Hugo Bezdek, the man responsible for developing Penn State’s golf program during the early 1920s, put together an astounding coaching career that spanned the first half of the 1900s.
As Penn State’s athletic director from 1918 through 1936, Bezdek’s love of golf and strong ambitions led to a championship-caliber golf course being built on campus.
His efforts also resulted in the university becoming one of the earliest members of the Intercollegiate Golf Association.
This accomplishment is significant in itself, but it pales in comparison to the mighty career achievements of the amazing Bezdek.
Born in the Czech Republic in 1884, Bezdek’s family emigrated to the United States when he was just 6 years old. A fine athlete as a youth, Bezdek eventually attended the University of Chicago, where he was nationally touted fullback during the 1904 and 1905 football seasons.
Directly out of college, Bezdek began his legendary coaching career by leading the University of Oregon to an undefeated season in 1906.
That success led to a five-year stint as the head coach at Arkansas, where he posted another undefeated season in 1909. Bezdek also coached the Razorbacks’ baseball team.
By 1913, university officials at Oregon had convinced Bezdek to return to Eugene, and the coaching wizard didn’t disappoint. Bezdek directed winning campaigns at Oregon for four consecutive years and capped the 1916 season with a win in the biggest football game of the year, the Rose Bowl.
If his football accolades at Oregon weren’t enough, Bezdek also found time to be the school’s head coach for both basketball and baseball.
During his career at Oregon, Bezdek must have had little time for sleep as he was hired by the Pittsburgh Pirates to be a talent scout for the west coast. So impressed were the Pirates, they actually hired Bezdek to become the club’s manager midway through the 1917 season.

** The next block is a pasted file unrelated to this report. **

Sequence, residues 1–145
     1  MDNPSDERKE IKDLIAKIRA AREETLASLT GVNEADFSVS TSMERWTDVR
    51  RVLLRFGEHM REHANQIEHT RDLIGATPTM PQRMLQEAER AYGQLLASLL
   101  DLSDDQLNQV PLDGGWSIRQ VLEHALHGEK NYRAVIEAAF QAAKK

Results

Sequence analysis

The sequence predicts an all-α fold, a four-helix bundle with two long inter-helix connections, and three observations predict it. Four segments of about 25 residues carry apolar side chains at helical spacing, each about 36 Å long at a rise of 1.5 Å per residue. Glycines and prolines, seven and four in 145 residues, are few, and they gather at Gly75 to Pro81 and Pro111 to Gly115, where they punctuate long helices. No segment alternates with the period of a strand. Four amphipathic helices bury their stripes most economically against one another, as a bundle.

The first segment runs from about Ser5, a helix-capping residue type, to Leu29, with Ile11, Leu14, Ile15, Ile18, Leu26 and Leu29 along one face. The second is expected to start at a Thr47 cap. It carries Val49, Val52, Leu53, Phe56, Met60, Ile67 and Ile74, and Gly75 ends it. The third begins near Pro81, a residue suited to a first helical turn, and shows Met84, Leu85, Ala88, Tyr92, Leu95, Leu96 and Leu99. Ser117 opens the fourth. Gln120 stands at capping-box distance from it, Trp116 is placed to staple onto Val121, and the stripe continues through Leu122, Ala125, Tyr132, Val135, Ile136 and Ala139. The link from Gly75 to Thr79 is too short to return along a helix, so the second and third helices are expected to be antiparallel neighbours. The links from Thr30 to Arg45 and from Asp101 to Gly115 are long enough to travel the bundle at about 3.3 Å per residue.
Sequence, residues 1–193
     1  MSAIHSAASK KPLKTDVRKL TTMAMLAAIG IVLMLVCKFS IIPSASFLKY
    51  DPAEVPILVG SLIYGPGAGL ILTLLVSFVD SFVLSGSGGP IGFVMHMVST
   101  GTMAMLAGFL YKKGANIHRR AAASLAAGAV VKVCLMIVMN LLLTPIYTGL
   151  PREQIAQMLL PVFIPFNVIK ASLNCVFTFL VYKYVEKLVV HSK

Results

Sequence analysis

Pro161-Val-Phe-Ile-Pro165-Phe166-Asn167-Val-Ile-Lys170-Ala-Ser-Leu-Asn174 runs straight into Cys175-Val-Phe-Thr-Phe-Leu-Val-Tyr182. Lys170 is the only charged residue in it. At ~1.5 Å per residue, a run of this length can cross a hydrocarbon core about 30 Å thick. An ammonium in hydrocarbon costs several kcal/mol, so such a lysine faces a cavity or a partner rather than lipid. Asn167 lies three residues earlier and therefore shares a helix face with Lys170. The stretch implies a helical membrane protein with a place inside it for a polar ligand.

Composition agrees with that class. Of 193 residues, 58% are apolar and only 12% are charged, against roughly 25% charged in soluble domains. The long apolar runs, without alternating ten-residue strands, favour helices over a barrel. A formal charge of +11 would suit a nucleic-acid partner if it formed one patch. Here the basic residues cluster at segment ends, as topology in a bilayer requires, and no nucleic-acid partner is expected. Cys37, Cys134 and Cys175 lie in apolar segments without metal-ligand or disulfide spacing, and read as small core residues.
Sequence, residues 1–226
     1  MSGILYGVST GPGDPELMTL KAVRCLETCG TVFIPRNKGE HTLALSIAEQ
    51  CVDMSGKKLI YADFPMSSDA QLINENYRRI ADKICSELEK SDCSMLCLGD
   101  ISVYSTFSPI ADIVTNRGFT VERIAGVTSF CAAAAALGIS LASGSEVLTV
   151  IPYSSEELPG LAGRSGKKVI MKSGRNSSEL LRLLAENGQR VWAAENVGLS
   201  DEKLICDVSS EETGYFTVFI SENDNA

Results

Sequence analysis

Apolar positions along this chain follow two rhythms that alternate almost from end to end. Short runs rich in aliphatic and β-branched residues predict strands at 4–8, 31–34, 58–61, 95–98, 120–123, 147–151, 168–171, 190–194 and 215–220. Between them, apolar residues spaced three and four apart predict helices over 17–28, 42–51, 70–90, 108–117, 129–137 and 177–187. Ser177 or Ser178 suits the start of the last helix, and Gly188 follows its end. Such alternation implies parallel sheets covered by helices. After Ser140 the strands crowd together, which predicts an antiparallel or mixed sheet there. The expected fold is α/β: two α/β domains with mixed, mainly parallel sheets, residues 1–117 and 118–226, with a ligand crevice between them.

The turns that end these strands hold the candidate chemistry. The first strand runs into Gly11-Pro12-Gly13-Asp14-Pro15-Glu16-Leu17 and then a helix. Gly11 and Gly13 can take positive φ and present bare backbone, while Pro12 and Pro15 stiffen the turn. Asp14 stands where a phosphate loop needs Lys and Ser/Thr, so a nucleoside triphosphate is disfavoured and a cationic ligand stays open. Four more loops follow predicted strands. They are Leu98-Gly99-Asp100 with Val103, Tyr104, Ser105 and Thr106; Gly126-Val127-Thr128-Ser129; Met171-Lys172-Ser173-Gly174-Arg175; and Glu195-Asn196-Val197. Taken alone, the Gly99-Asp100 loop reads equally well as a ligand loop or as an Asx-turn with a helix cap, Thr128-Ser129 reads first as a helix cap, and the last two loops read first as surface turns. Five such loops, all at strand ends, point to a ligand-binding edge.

Bezdek would manage the Pirates from 1917 through 1919 but still coached college football in the offseason. By 1919, he was hired by Penn State to become both the school’s athletic director and head football coach.
Over 12 seasons in State College, Bezdek posted an impressive 65-30-11 record and led the Nittany Lions to an appearance in the 1923 Rose Bowl. For good measure, Bezdek also served as the school’s head basketball coach in 1919.
During his career as a coach, Bezdek had become enamored with the game of golf. While at Penn State, he would use his football success to convince school administrators to build a championship golf course (today’s White Course).
He also pushed for Penn State’s acceptance into the Ivy League-dominated Intercollegiate Golf Association in 1925 (Penn State would eventually become the first school outside the Ivy League to win the Eastern Conference championship of this association).
Bezdek’s career as a collegiate coach ended by 1930, but his influence as athletic director could be felt over all the competitive Penn State programs until he finally left the position in 1936.
Bezdek, however, wasn’t quite done with coaching.
In 1937, he was hired to be the head coach for the Cleveland Rams of the National Football League and served the team in that capacity for two seasons before retiring for good. He would live a fairly quiet life, enjoying friends and playing golf, before passing away peacefully in Atlantic City, New Jersey in 1952.
Bezdek, the man who brought competitive golf to Penn State, remains the only man to coach both a Major League baseball team and a National Football League squad.
He was also posthumously elected to the College Football Hall of Fame in 1954.